He joined OHSU in 2003 as Associate Professor, and in 2008 he was promoted to Professor. In 2011, he became the Vice Chair for Research.
Ansgar M. Brambrink, MD, PhD; Professor
Dr. Ansgar Brambrink relocated from Germany in August 2003 and is Professor of Anesthesiology and Perioperative Medicine at OHSU.
Dr. Brambrink is active as both a clinician and a research scientist. His clinical research pursuits have included effects of modified immune response following severe trauma, techniques for regional anesthesia and innovative airway devices in pediatric anesthesia. Dr. Brambrink has also studied experimental ischemia in a variety of animal models. He has worked on strategies for preconditioning with pharmaceuticals such as antibiotics, exploring their neuroprotective mechanisms and their potential for clinical application in neuroanesthesia and the neuro-ICU. Most recently, his research interests have focused on regeneration and plasticity after experimental stroke. His long-term goal is to investigate the effects of preconditioning and gender on post-ischemic neurogenesis and the underlying mechanisms.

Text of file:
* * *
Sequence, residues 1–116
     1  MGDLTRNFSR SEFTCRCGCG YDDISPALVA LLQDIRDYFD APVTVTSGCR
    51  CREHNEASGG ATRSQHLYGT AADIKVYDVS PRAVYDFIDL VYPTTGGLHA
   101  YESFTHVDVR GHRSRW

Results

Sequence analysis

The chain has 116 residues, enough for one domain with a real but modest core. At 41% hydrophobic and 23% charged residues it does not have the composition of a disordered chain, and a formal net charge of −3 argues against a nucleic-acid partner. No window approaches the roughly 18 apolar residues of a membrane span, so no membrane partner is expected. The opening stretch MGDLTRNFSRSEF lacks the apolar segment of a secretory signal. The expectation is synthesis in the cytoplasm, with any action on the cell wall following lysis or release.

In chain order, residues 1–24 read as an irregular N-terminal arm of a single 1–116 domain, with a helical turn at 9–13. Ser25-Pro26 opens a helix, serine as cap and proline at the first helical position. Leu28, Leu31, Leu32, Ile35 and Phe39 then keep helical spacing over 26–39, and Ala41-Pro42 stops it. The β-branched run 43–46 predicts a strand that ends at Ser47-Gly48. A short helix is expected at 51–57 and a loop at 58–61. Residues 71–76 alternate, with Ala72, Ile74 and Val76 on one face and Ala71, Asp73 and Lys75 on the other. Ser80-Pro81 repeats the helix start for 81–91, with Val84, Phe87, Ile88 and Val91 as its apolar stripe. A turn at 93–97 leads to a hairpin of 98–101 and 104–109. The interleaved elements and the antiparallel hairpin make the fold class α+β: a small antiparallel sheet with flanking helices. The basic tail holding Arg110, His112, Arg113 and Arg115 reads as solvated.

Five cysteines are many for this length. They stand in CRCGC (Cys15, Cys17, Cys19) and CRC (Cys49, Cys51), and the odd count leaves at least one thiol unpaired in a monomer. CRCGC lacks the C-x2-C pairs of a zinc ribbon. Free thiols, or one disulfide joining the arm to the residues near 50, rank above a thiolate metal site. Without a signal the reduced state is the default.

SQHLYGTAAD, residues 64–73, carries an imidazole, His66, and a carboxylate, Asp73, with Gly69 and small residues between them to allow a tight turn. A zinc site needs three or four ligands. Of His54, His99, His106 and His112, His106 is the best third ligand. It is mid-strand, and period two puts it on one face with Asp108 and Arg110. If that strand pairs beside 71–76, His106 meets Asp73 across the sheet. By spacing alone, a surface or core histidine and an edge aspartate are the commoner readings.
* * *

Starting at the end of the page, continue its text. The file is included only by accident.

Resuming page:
Dr. Brambrink received the M.D. from Westfälische Winlhelms-University in Münster, Germany. In 1993, he completed his residency in Anesthesiology at the Johannes Gutenberg-University in Mainz, Germany; and in 1994, he earned the Ph.D. in Medical Psychology. From 1993 to 1995, Dr. Brambrink worked as a Clinical and Research Fellow at The Johns Hopkins University School of Medicine, and he attributes this experience as a turning point in his medical career. After he returned to Mainz, he completed a Critical Care Fellowship; and in 2002, he completed his "Habilitation", based on his experimental work, and earned the prestigious "Venia Legendi" from the Johannes Gutenberg-University, recognizing him as a Lecturer ("Privat Dozent") in the field of Anesthesiology.